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clearly have to be more authorities in the Government's mind now that they intend to add to the list in Clause 24(1)(f). Before we reach Third Reading we should be given a list of them.

Lord Bassam of Brighton: My Lords, this is altogether a more difficult issue than the question discussed earlier of whether we can add to the purposes for which communications data can be accessed. This issue addresses whether we can add to the list of public authorities which can access communications data.

I am aware of the views of noble Lords opposite who think that the power should be removed, and, of course, I have read the 21st report of the Delegated Powers and Deregulation Committee. But the simple fact is that we are entering uncharted territory as we approach the implementation of the Human Rights Act. One of the prime purposes of this Bill is to enact an ECHR compliant regime for the use of the six investigatory powers which are covered by the Bill.

As I have previously explained, the power of accessing communications data in Chapter II of Part I effectively replaces for the agencies named in Clause 24 the voluntary arrangements under the Data Protection Act 1998. There are significant constraints on the use that the public authorities named can make of the power. This is deliberate; it is necessary in order to ensure ECHR compliance. We have also instituted for the first time proper oversight and redress arrangements for the accessing of communications data.

We are proud of the regime for communications data in the Bill. It is better than the voluntary arrangements currently operated under the Data Protection Act. The Bill brings strict controls, judicial oversight and recourse to the tribunal. We want to be sure that the regime is capable of applying to other agencies with important investigative or regulatory functions. Those agencies might use their own statutory powers as at present; or they might use voluntary arrangements; or they might not access communications data at all. The amendment, however, would prevent those other agencies from coming within the ECHR-compliant system in the Bill. That would be a curious result.

The noble Lord asks why we cannot list now all the bodies which need to access communications data. We have done so in Clause 24, where we have listed the key law enforcement and intelligence agencies which we know will need these powers. But we are not sure that the list is or can be complete. I shall try to explain why.

First, a concrete example: we had an interesting discussion on the case for the Inland Revenue to be added to the list. The case for the Inland Revenue, eloquently put by the noble Lord, Lord Grabiner, has arisen out of a learned and detailed consideration of the issues affecting the informal economy and the need to enforce it. I suggest that this is a good example of how very cogent reasons can be put forward for a public authority to be added to the list and which, perhaps with some justification, we would wish to accept.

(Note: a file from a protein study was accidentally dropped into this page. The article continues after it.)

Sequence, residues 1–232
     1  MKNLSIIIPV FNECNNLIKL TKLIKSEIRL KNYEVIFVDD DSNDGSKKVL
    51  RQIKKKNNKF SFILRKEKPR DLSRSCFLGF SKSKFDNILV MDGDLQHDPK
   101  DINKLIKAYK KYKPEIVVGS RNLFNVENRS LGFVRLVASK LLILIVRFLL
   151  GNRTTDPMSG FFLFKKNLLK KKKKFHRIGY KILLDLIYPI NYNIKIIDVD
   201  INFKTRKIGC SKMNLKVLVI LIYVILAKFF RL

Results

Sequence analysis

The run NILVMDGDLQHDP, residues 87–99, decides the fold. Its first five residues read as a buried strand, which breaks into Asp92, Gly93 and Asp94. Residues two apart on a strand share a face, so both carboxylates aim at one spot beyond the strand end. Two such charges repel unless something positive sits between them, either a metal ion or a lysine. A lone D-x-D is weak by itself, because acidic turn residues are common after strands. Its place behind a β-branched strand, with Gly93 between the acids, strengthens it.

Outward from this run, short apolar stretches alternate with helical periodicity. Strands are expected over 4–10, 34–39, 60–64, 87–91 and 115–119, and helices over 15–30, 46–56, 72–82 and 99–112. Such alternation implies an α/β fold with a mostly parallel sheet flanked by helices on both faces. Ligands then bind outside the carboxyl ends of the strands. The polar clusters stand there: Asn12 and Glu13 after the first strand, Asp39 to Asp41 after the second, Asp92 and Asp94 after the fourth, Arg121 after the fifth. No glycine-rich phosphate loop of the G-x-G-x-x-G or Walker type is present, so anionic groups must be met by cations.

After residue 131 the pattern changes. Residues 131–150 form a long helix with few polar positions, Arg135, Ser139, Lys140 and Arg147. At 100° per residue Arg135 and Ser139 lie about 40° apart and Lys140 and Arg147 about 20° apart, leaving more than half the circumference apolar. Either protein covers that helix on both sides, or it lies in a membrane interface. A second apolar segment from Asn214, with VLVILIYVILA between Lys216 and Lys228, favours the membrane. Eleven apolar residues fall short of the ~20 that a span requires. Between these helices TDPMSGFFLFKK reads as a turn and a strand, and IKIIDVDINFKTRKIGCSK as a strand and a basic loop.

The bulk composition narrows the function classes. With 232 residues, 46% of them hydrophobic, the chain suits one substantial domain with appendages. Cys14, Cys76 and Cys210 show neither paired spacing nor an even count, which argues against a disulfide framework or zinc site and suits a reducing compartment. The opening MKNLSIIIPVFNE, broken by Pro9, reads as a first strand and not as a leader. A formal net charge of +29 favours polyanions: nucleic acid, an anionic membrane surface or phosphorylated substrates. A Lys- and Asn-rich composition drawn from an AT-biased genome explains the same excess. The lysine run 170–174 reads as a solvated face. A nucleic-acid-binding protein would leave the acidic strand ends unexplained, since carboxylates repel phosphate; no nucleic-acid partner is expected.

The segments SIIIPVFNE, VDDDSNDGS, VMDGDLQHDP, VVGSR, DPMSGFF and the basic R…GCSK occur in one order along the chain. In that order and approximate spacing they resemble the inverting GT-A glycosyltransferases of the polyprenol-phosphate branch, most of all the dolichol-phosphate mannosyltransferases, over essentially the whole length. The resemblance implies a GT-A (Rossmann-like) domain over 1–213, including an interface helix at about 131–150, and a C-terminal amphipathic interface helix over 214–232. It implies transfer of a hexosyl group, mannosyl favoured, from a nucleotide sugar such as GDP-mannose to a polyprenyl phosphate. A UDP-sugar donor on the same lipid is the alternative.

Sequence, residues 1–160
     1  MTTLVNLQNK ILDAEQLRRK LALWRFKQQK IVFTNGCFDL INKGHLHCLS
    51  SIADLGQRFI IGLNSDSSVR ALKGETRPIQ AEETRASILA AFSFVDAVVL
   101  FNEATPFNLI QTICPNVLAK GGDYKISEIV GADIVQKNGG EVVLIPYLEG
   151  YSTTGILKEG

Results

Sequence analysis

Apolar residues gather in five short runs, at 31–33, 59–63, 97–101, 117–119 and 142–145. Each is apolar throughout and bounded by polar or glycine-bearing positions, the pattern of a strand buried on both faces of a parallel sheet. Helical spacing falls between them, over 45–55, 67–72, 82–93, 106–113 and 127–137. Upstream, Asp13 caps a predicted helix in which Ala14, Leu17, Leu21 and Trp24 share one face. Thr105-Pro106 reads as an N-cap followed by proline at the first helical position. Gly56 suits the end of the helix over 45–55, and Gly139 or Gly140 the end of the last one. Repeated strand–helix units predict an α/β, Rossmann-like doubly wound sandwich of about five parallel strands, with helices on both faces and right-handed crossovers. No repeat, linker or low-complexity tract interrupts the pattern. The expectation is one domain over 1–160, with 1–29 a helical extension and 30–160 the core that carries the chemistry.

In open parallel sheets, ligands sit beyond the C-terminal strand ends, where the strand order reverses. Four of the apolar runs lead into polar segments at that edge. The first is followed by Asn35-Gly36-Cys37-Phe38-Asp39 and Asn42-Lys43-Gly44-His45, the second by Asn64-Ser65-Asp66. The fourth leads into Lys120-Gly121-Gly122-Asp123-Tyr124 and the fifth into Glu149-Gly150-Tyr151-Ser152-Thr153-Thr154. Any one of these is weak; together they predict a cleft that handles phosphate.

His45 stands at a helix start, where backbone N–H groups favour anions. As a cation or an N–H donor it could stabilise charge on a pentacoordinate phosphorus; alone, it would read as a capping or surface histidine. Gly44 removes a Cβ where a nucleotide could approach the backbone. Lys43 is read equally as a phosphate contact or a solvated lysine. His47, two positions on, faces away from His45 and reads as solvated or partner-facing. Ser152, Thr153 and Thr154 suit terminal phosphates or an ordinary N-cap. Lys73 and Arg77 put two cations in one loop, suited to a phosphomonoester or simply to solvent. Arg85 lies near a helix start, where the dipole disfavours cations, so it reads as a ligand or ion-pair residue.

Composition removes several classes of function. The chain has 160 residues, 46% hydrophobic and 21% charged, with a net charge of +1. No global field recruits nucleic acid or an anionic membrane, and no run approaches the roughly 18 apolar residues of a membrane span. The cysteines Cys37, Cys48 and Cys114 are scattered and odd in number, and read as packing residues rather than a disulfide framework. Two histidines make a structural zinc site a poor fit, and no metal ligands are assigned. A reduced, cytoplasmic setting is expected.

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But there are other regulators in the corporate and financial fields which may also be candidates for inclusion. Again, the position is not yet clear. This is not only because we are still finding out which techniques are used by which agency--although, as your Lordships know, there is some truth in that; it is one of the very instructive consequences of the Human Rights Act--but also because regulatory techniques change as patterns of business behaviour change. Communications data may well become more important to some agencies. If that happens, we do not believe that primary legislation should be the only means of responding.

Finally, there may be bodies which do not yet know that what they are doing interferes with Article 8 rights and needs to be regulated. We hope that convention awareness is fairly good across the public sector, but we cannot be 100 per cent certain. There may be bodies which do not yet know that they are likely to be "public authorities" for the purpose of the Human Rights Act.

For these reasons, we maintain that there is a strong argument for retaining the order-making power in Clause 24 and elsewhere in the Bill. Orders must be approved by each House, giving Parliament an opportunity to scrutinise any authorities that are added to the list. I ask noble Lords to reflect carefully on that matter. I would never disagree with the Committee lightly; I had intended to speak with Members of the Committee, but that has not been possible. After reflection, I ask noble Lords opposite to withdraw their amendment.

We require flexibility and, if this amendment were to be agreed to, effectively we would need Acts of Parliament to add new agencies. While that might be desirable in terms of the level of scrutiny, it would be unduly inflexible and add an unnecessary burden to the legislative programme. This could perhaps be much better dealt with through order making, where there will be an opportunity to scrutinise any further authorities which need to be added to the list. With that, I trust that noble Lords opposite will feel able to withdraw their amendment.